March 25, 2006
In Bills' Small Print, Critics See a Threat to Immigration
By RACHEL L. SWARNS
WASHINGTON, March 24 - A little-noticed provision in two key Senate immigration bills would reshape the handling of immigration appeals cases and has touched off an outcry from several legal scholars, federal judges and the policy-making group for the federal courts.
The measure would designate the United States Court of Appeals for the Federal Circuit here, an administrative court that focuses primarily on patent cases and currently handles no immigration appeals, as the only court in the nation to handle immigration appeals. Such appeals are currently shared by the 12 other federal appellate courts.
The judges and scholars say that the circuit court in Washington, which handles about 1,500 nonimmigration cases a year, would be swamped by an additional 12,000 immigration cases. And they say that the court lacks the expertise to handle complex immigration cases, which often raise a host of constitutional and human-rights issues.
The question of how these cases are handled is particularly sensitive because federal appeals judges have sharply criticized what they have described as a pattern of biased and incoherent decisions from immigration judges in asylum cases, which make up the bulk of immigration appeals.
The two bills - one by Senator Arlen Specter, Republican of Pennsylvania and chairman of the Senate Judiciary Committee, the other by Senator Bill Frist, Republican of Tennessee and the majority leader
- were intended in part to ease the burden on the nation's federal appeals courts, which have had a sharp increase in immigration cases.
The provisions may come up for a vote in the Senate as early as next week.
Judiciary Committee staff members said that designating a single court to handle the cases would ensure a consistent standard for immigration decisions and discourage immigrants from shopping for favorable courts.
They said that immigration lawyers would also be assigned to the court to help enhance expertise and that the number of judges would be increased to 15 from 12.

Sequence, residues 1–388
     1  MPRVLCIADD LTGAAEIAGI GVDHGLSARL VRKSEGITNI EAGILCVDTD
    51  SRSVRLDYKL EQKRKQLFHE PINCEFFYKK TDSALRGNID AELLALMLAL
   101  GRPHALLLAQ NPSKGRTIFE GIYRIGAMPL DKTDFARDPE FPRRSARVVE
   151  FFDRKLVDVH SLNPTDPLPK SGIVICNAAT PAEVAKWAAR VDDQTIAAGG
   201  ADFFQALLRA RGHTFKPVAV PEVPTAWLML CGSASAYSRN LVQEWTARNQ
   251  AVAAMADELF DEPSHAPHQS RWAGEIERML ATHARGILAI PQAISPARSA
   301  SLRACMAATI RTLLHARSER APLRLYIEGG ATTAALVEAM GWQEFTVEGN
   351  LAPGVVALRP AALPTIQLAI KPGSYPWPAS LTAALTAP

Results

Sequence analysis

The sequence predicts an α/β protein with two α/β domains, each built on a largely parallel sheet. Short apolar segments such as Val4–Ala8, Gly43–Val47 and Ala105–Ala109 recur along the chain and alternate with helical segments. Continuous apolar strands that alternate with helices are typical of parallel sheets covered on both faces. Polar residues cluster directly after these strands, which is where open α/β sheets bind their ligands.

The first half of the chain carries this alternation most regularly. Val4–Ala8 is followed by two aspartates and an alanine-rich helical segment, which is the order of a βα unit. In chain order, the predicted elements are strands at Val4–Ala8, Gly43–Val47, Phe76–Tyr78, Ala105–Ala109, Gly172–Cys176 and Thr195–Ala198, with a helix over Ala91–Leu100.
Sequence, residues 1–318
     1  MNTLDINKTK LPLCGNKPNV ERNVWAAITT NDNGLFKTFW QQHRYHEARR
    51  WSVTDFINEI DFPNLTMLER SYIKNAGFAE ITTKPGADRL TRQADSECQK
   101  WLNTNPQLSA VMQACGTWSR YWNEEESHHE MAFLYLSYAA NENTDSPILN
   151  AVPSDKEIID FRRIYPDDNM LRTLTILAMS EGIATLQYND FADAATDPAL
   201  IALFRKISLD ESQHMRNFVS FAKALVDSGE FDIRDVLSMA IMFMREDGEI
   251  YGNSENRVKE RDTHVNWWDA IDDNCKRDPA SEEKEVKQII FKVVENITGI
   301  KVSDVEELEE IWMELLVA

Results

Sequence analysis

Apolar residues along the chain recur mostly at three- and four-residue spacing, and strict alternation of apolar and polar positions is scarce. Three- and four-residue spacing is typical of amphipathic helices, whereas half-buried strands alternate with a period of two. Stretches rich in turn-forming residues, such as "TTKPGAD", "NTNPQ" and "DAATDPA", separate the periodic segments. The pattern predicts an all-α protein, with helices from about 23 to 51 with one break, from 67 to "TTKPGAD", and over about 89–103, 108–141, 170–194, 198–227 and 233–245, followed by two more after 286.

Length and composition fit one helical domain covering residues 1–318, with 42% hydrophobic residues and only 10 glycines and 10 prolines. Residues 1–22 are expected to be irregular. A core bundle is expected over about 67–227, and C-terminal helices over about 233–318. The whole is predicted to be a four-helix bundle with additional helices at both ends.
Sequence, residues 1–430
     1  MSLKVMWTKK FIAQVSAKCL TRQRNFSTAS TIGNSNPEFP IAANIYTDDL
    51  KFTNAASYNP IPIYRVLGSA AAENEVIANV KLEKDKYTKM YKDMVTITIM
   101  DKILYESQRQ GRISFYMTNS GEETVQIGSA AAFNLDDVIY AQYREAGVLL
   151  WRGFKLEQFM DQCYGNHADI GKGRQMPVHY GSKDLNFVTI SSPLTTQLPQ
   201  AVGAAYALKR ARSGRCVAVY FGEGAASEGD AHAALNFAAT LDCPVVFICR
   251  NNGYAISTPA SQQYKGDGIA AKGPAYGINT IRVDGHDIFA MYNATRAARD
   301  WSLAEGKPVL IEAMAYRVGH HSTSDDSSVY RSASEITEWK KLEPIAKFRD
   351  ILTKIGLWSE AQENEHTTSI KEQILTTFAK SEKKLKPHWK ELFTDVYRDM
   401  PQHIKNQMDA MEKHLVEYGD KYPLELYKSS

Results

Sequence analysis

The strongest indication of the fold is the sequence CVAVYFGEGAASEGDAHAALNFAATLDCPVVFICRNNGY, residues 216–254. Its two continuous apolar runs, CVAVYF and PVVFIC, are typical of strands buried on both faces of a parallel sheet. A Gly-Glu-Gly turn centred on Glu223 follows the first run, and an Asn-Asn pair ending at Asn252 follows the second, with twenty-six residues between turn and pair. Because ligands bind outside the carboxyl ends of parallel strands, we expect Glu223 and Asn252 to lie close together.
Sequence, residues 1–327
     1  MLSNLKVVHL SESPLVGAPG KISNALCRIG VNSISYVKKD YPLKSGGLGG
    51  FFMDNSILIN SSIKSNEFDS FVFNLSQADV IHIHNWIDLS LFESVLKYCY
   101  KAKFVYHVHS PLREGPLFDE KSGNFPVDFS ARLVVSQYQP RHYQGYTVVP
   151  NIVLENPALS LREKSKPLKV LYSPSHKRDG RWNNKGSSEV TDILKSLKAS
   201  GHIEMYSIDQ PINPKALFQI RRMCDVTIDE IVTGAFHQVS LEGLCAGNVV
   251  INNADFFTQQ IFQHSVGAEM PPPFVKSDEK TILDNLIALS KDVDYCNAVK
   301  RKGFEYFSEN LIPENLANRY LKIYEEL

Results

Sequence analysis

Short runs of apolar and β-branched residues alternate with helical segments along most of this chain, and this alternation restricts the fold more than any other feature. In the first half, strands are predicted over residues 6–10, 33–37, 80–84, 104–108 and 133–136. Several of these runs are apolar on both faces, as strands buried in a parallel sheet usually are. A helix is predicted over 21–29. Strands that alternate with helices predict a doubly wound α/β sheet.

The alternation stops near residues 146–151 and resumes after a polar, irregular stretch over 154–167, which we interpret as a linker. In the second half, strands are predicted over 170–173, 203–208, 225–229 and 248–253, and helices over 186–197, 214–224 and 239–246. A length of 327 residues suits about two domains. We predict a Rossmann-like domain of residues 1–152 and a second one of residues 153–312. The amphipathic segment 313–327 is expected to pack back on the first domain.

"You're trying to avoid forum shopping and trying to create a uniform national policy for immigration," said a senior aide to Mr. Specter who spoke on condition of anonymity because details of the legislation were still being negotiated.
But Richard A. Posner, a prominent federal appeals judge in Chicago, said the measures were "not a sound solution."
Even with the three additional judges, Judge Posner said, the annual caseload would surge to 900 per judge from 125.
"I cannot think of an area of law that is more remote from immigration than patents," the judge wrote to Senator Richard J. Durbin, an Illinois Democrat on the Judiciary Committee. "No doubt the judges of the federal circuit can become knowledgeable about immigration law, but they will be overwhelmed by the new caseload."
Leonidas Ralph Mecham, secretary for the Judicial Conference of the United States, a group of judges who make policy for the federal courts and who present the judiciary's views to Congress, raised similar concerns.
"No sufficient justification to support changing the status quo and shifting these cases from the regional courts to the Federal Circuit has been provided," Mr. Mecham wrote to Mr. Specter.
The judges also raised concerns about a proposal that would appoint a single judge to decide whether immigration cases were worthy of consideration for appeal. If the judge declined the case, no further review would be available.
Mr. Durbin said he planned to offer an amendment that would kill the measures, telling his colleagues on the Judiciary Committee that it would be premature to make such changes before holding hearings.
But the senior aide to Mr. Specter strongly defended the measure, noting that the Federal Circuit would have fewer cases than many of the federal appeals circuits, even with the additional workload. He also pointed out that most of the Federal Circuit's judges were generalists, not specialists, before they were appointed.
The surge in immigration appeals occurred after Attorney General John Ashcroft made changes in 2002 to streamline appellate review within the immigration courts.
Many appellate judges say those changes essentially shifted work to them. Immigration cases accounted for about 17 percent of all federal appeals cases last year, up from 3 percent in 2001. In New York and California, nearly 40 percent of federal appeals involved immigration.
Critics of the new legislation say that shifting appeals to Washington is misdirected and that a better solution would be to add resources to the overstrapped local immigration courts and to an interim-level immigration appeals court, known as the Board of Immigration Appeals.
They said proposed increases in financing were inadequate, leaving immigration judges overburdened and threatening immigrants' rights to federal review.
"Congress needs to address the virtual collapse of the immigration judge and appeals system, not deny immigrants a chance to have their day in federal court," said Lucas Guttentag, director of the American Civil Liberties Union's immigrant rights project.
The American Intellectual Property Law Association, which represents 16,000 lawyers, also objects to the change, saying the caseload increase would hurt the way patent cases are handled.
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